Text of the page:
[BLOG]: Effective collaboration can help to mitigate drug shortages

June 2, 2014

Patients across the country continue to feel the impact of critical prescription drug shortages. As formulary managers understand, an integrated approach to solving shortages, involving all supply chain stakeholders, can have a profound effect on mitigating the impact of shortages on patients.

RooneyPatients across the country continue to feel the impact of critical prescription drug shortages. As formulary managers understand, an integrated approach to solving shortages, involving all supply chain stakeholders, can have a profound effect on mitigating the impact of shortages on patients. A recent report from the Healthcare Supply Chain Association (HSCA) and Avalere Health found that healthcare group purchasing organizations (GPOs) are playing a significant role in helping hospitals, purchasing partners, and suppliers alleviate the impact of prescription drug shortages in the United States.

Employing a strategic approach

Proper communication is critical for combating shortages, and as the sourcing and purchasing partners to US hospitals, GPOs are well positioned to help anticipate and respond to drug shortages. The HSCA/Avalere Health report detailed a number of steps being taken by GPOs that are having a positive effect, including tracking data on drug shortages, strategizing with members when the potential for a supply disruption arises, communicating with manufacturers and distributors when they anticipate a supply problem, and creating incentives for drug manufacturers to produce agreed-upon quantities of certain critical drugs and drugs in short supply.

The HSCA/Avalere Health report included a number of case studies to demonstrate the various methods that GPOs are employing to address shortages. In one example, a GPO provided financial and technical support for alerting the public about drug shortages. In another, a GPO encouraged production of critical drugs through innovative agreements that provided certainty to the manufacturer. Still another example found a GPO working with key generic manufacturers and wholesalers/distributors to ensure availability and access to key generic injectable products for its members by coordinated distribution of these urgently needed products through one distribution channel to control their availability.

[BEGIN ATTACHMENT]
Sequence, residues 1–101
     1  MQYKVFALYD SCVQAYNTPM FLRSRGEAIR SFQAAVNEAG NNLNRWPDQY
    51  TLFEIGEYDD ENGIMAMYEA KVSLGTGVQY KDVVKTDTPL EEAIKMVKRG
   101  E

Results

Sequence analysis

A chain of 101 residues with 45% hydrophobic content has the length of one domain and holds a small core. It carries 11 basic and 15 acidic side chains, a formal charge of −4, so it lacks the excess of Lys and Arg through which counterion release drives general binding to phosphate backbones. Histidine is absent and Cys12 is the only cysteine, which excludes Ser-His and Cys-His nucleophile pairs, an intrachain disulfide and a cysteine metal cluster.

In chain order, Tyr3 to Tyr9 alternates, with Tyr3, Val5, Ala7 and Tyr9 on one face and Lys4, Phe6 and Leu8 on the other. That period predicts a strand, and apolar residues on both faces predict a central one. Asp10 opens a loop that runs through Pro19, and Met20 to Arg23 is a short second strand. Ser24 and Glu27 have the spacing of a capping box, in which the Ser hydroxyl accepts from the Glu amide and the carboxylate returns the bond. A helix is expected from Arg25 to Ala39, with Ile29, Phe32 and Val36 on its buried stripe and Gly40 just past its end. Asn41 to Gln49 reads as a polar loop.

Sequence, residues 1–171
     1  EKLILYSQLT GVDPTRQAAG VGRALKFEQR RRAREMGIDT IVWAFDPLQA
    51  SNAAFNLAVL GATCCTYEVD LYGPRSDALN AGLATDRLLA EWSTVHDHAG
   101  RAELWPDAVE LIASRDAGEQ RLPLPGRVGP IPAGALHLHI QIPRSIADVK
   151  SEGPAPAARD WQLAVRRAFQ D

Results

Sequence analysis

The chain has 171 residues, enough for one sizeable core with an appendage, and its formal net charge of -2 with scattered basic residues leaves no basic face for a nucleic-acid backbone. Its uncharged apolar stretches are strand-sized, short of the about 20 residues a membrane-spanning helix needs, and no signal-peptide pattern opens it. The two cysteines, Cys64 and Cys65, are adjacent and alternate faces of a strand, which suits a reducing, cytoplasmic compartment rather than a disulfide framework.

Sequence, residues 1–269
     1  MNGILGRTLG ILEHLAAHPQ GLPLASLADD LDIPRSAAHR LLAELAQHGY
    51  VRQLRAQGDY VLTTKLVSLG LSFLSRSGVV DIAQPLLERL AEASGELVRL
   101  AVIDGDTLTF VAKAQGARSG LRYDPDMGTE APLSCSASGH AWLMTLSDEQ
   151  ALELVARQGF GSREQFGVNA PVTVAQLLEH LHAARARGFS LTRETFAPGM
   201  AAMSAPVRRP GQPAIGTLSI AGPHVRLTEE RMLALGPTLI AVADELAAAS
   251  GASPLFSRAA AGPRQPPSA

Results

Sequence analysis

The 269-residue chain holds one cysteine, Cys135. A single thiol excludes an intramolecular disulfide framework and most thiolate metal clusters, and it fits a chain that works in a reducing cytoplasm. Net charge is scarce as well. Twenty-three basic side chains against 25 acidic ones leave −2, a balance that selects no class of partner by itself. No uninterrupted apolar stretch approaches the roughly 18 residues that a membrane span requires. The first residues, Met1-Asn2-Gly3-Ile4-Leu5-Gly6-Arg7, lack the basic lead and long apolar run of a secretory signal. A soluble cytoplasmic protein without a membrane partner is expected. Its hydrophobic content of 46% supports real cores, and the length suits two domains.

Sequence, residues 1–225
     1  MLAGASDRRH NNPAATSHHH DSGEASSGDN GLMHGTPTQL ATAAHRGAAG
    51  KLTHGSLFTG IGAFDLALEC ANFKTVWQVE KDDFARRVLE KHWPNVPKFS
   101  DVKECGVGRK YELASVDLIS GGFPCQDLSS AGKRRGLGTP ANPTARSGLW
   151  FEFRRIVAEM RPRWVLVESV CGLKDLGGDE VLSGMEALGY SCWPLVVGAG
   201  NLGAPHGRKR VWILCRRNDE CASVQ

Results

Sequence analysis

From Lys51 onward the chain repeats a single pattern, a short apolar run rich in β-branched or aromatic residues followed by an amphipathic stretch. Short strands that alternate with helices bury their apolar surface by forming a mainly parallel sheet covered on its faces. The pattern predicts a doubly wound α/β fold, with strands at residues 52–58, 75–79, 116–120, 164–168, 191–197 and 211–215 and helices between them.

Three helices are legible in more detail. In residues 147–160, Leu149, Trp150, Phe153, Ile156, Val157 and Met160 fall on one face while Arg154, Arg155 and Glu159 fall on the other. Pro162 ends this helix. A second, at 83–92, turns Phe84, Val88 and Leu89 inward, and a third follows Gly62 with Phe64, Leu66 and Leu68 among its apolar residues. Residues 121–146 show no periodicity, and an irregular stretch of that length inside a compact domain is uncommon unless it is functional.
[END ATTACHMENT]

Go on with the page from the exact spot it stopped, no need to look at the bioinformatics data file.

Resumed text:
The goal of GPOs is to bring flexibility, stability, and predictability to the supply chain through a number of approaches, such as voluntary contracting practices, reliable price adjustments, and helping hospitals and healthcare providers to ensure prompt and safe migration to alternative products when shortages arise. Together, these methods can make a significant difference in ensuring patient access to critical medications.

 

Effective collaboration

A critical part of GPOs’ efforts to mitigate drug shortages involves collaboration with industry, hospitals, and other supply chain stakeholders. This collaboration can manifest itself in a number of ways. For example, a case study showed a GPO offering healthcare providers critical information and best practices to avoid the purchase of unsafe products from the gray market, which helped to enable them to maintain patient access and provide appropriate treatments during times of shortage.

GPOs are also working with government agencies. In one of the report’s case studies, a GPO communicated with the US FDA about manufacturer decisions to stop production of key generic injectable drugs, and supplied FDA with utilization data of certain injectable drugs. This allowed FDA to determine the major suppliers in the market and to assist in the determination of alternative suppliers. On a broad level, the efforts of GPOs show that effective collaboration can help the industry expand production capacity for drugs in short supply and ensure the timely reporting of shortages, both of which are critical for addressing this crisis.

The path forward

Although understanding the positive effects of past efforts is certainly valuable, the HSCA/Avalere Health report identified several policy recommendations for a multi-stakeholder approach to help mitigate shortages, including improving FDA approval processes, refining early notification systems and public communication, and implementing market and operational efficiencies.

Drug shortages are a complex problem with no overnight fix. GPOs are committed to continuing to take innovative actions and strategic steps to help hospitals identify potential shortages, maintain a safe and reliable supply of productions, and ensure that patients and their families have access to the critical medicines they need. We’re all in this together, and effective collaboration is key to overcoming this challenge.

To read the complete HSCA/Avalere Health report, The Vital Role of Group Purchasing Organizations in Alleviating Drug Shortages in the United States, please click here or visit the HSCA website at www.supplychainassociation.org.

Check out the HSCA press release on the report here.

For more information about how GPOs are helping to mitigate the impact of drug shortages, please visit www.drugshortage.org.

 

Curtis Rooney is president of the Healthcare Supply Chain Association.